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Letter: State must support FRM scandal victims

The New Hampshire House must support Senate Bill 180 for the victims of the state’s multiple failures to enforce the law regarding FRM.

The New Hampshire Banking Department made mistake after mistake after mistake after mistake for nine consecutive years in six audits documenting 70 state and federal law violations and insolvency at FRM. Obviously this was more than a simple mistake. The banking commissioner’s brother was involved with FRM. Did banking turn a blind eye to FRM?

The New Hampshire Banking Department made another mistake by not requiring FRM to acquire and maintain a fidelity bond as required by law to cover employee theft. This failure cost victims significantly.

The second agency to make more than a simple mistake is the attorney general’s office, when its ex-white-collar crime attorney twice in a one-year period informed the office that FRM and Scott Farah were running a criminal scheme, while the same AG’s office had just received a similar report from a former FRM employee and another Farah company. There wasn’t a single investigation.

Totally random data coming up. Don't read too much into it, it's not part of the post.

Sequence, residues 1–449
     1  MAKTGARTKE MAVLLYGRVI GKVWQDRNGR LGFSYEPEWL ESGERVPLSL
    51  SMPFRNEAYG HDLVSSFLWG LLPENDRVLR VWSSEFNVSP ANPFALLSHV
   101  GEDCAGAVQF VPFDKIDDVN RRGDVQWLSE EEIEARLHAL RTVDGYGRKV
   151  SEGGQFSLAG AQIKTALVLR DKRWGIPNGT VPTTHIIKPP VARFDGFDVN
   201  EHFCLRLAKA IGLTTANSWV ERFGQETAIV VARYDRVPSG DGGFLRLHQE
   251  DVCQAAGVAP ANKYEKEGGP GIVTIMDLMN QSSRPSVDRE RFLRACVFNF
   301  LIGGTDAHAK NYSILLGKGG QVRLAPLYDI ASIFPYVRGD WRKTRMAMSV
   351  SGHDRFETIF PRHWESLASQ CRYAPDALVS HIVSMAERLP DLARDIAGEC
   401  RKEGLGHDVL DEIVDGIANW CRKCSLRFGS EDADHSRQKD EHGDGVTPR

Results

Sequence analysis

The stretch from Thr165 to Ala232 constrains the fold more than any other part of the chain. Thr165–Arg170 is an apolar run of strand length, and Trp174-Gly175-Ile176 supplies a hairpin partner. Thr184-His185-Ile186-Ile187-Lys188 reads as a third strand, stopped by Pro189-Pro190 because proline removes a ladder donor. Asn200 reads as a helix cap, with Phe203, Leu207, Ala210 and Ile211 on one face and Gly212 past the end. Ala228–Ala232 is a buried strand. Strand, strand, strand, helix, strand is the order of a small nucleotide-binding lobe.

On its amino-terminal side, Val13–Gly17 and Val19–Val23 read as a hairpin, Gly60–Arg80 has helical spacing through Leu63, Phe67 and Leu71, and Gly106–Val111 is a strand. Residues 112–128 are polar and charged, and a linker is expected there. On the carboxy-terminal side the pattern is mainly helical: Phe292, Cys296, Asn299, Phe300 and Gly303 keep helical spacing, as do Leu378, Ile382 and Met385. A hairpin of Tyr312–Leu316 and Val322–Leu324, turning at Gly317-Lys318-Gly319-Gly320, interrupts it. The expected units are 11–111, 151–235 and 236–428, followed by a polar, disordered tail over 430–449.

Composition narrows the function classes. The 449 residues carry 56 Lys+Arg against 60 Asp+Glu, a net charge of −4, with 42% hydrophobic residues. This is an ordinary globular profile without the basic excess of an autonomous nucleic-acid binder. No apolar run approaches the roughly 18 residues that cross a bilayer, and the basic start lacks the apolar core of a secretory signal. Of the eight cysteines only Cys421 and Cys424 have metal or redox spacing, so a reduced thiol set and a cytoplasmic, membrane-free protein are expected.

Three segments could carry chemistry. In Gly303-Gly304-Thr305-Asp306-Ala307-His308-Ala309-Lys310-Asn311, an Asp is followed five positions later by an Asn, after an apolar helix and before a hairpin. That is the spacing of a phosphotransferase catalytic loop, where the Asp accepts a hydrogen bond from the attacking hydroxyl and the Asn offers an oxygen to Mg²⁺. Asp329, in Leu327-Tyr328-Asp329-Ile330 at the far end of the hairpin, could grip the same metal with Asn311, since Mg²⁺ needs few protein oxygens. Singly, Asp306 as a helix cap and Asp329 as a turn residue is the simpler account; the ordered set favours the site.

People with reasonable judgment or simple common sense must conclude the state is morally and financially responsible to the FRM victims.

Is the state setting a precedent by righting the wrongs it allowed to happen to the FRM victims? If it doesn’t, the state admits failure is the acceptable standard and is business as usual.

For more information, go to sb180.info. Thank you for your support.

HARRY H. BEAN

Gilford

Who does Mr. Bean think the state is? The state, Mr. Bean, is the taxpayers. I don't know why the taxpayers of NH should be on the hook to repay those who invested in a get rich quick scam. Sure, state employees made mistakes. But the investors were the ones to do due diligence and assume the risks associated with high yield, private investments. The taxpayers aren't the ones to blame for your loss and shouldn't be responsible for covering your losses.

"You can't cheat an honest man." and "If it sounds too good to be true, it probably is." Are two quotes that come to mind when it comes to ponzi schemes.

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